Introduction to qSpoces

                                                                                                 

What are qSpaces?

qSpaces are directed graphs comprised of vertices and edges (also known as nodes and arcs).  There is a qSpace for every prime number, designated with the letter q.  For example, q7 is the qSpace generated by the prime number 7.  Similarly there are these qSpaces: q17, q103, q54882521, etc.

        Each qSpace is infinite in size, since the vertices in any qSpace are the set of prime numbers.

                                                                                                 

How are qSpaces formed?

The generating function for any qSpace is the function:

qs(p,q)=r,

such that p, q & r are all prime,

where qs(p,q) = max(prdc(p*q+1)),

where prdc(n) is the set of prime factors of n,

and max(s) is the largest value in the set s.

For example, qs(13,7)=23 because 13*7+1 = 92,

and prdc(92)={2,2,23}, and max{2,2,23}=23.

Continuing this example, qs(23,7)=3 because 23*7+1 = 162, and prdc(162)={2,3,3,3,3}, and max{2,3,3,3,3}=3.

Therefore, in q7 there is an edge from vertex 13 to vertex 23; and there is another edge from 23 to 3.

It is immediately clear that ever y qSpace is unique.  While in q7 there is an edge from 13 to 23, in q29 there is an edge from 13 to 3, and an edge from 23 to 167.

                                                                                                 

Some properties of qSpaces

Since the function qs is defined for all primes, p; and the function yields a unique value for all input parameters, every vertex has exactly one from-edge.  We say that each vertex has exactly one (unique) successor.  Not immediately obvious is the fact that some vertices have many predecessor.

        For example, vertices 59, 151, 197 (and many others), are all immediate predecessors of 23.

                                                                                                 

Some interesting consequences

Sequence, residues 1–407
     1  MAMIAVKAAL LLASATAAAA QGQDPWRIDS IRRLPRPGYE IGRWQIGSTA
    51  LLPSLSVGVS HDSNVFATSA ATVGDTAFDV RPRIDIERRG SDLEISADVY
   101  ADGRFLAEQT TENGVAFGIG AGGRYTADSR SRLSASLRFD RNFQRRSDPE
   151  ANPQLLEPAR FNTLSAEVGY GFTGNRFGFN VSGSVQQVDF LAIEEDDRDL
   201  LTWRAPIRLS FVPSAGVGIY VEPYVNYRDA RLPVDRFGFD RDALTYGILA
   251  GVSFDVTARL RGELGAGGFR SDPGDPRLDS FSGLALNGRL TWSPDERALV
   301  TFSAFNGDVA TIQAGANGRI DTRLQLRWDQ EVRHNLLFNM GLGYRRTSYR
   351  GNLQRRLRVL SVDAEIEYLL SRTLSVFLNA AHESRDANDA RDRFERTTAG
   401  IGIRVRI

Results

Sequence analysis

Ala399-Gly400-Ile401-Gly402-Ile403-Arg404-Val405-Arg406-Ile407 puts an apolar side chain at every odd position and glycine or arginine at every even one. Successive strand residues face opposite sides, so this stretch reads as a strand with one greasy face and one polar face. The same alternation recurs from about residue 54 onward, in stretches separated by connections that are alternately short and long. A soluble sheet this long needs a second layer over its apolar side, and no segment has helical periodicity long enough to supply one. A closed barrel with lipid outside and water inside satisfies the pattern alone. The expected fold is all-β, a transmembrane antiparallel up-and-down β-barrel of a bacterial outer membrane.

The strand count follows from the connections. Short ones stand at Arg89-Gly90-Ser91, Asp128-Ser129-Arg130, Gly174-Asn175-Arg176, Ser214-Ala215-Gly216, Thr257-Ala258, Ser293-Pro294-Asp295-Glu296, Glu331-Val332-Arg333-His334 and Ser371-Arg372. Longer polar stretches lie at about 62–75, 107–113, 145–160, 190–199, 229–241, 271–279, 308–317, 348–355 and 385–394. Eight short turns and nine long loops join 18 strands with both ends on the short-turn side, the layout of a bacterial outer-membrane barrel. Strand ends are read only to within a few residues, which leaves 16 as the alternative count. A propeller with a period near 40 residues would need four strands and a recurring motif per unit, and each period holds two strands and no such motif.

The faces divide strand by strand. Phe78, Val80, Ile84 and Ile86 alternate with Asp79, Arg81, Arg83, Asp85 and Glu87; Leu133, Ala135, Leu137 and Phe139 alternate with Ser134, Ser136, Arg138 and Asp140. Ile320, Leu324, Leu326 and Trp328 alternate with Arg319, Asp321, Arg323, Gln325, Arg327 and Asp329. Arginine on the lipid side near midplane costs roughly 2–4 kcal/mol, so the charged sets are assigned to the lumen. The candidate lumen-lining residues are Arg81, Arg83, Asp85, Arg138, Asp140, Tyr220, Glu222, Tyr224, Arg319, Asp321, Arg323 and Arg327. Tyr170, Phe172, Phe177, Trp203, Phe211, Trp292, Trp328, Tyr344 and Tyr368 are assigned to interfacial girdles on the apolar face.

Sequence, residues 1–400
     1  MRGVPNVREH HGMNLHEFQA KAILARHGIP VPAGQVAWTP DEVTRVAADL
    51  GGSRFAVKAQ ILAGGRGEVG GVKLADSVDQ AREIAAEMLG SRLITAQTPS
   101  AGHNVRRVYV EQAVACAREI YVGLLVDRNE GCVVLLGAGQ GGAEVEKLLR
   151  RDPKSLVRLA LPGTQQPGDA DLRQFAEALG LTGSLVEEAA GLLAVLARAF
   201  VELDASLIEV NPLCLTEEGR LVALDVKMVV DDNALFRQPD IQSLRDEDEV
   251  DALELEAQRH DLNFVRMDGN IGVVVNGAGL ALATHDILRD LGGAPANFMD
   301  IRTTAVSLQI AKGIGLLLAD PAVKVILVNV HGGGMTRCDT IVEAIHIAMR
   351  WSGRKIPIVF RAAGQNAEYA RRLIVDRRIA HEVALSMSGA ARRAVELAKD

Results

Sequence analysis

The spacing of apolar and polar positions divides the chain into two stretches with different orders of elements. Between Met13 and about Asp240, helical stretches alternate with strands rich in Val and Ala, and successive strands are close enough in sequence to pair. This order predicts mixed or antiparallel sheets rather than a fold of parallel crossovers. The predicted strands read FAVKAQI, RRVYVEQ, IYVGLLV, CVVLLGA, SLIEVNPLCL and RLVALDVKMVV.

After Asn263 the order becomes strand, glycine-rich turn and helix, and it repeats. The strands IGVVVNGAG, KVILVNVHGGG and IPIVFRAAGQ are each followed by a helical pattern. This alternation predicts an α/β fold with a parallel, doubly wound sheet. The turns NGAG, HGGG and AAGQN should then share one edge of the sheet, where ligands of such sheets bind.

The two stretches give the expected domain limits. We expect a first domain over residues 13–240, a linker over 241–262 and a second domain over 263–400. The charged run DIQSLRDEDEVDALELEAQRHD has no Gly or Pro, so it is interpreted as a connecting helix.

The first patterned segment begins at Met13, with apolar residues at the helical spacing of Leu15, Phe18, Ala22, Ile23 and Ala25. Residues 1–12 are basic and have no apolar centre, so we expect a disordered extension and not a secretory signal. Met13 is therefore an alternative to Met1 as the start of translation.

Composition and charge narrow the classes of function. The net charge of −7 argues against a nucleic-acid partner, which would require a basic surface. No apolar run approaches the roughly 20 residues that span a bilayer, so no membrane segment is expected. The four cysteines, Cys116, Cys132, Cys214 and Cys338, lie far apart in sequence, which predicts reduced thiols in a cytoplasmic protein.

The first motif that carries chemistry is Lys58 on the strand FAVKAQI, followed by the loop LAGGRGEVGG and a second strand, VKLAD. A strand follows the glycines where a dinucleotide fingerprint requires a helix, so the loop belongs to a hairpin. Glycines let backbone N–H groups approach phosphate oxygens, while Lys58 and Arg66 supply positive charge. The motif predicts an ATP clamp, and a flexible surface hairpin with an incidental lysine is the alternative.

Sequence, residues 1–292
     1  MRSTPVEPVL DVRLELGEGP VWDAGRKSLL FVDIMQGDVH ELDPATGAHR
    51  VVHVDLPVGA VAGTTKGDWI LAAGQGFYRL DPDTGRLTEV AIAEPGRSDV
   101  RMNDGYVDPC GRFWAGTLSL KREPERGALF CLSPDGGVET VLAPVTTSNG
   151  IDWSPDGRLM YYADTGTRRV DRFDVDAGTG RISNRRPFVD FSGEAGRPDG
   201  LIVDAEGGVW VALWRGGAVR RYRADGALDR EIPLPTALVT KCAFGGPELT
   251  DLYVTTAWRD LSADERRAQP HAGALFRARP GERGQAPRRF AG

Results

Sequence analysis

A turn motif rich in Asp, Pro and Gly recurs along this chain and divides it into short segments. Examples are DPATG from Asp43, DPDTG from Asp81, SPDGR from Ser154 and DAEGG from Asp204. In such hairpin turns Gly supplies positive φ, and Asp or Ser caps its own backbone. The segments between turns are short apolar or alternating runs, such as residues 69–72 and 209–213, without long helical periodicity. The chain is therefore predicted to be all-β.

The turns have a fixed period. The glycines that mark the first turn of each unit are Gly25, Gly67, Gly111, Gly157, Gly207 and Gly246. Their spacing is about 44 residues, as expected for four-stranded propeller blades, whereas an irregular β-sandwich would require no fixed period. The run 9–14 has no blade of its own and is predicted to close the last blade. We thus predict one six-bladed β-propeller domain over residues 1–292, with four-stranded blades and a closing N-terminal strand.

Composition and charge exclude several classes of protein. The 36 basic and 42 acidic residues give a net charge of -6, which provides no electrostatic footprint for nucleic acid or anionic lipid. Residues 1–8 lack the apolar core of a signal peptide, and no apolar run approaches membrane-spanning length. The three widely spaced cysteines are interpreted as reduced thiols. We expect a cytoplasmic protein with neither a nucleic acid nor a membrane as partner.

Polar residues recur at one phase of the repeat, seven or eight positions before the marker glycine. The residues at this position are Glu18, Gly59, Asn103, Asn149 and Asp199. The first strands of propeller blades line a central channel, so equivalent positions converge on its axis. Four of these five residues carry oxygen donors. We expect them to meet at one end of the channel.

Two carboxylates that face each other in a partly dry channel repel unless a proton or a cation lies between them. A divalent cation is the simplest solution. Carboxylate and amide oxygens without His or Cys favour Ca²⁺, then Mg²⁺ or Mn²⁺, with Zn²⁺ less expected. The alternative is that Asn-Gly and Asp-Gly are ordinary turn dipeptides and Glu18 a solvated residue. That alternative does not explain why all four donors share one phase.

Perhaps the most surprising result from early exploration of the qSpaces, is that is seems that every qSpace has at least one cycle.  For example, in q7 we find this cycle:

    3 -> 11 -> 13 -> 23 -> 3

And, in q13 we find two cycles:

    19 -> 31 -> 101 -> 73 -> 19

This hypothesis has been tested and confirmed for the first 1 million primes.  Click here to see other examples of cycles in qSpaces.  At this point one might feel ready to call this working hypothesis a conjecture.

                                                                                                  

qSpace Conjecture

Every qSpace has at least one cycle.

                                                                                                 

Interesting graphs

When the partial graphs of some of the vertices of a qSpace are displayed using graph visualization software, interesting forms and shapes result.  Click here to see some of those graphical structures.

        Since there are an infinite number of primes, it is not possible to show an entire qSpace, since every qSpace has an infinite number of verices and edges.

                                                                                                 

cqSpaces

In the qs function described above both p and q are prime numbers.  It is possible to relax that requirement and define a cqs function:

cqs(cp,q)=r,

such that q & r are prime, but cp can be either prime or composite,

where qs(cp,q) = max(prdc(cp*q+1)),

where prdc(n) is the set of prime factors of n,

and max(s) is the largest value in the set s.

                                                                                                  

Predecessorship

One of the advantages of considering cqSpaces is that it permits a simpler definition of predecessorship.  In cqSpace, if cp is a predecessor of r in q, then r|cpq+1 since r Î prdc(cpq+1).  Thus, r|q(cp+rk)+1, for all k>0 r; and r Î prdc(q(cp+rk)+1).  And, if r is the maximum integer in prdc(q(cp+kr)+1), then cp+kr is a predecessor of r; otherwise, it is not a predecessor.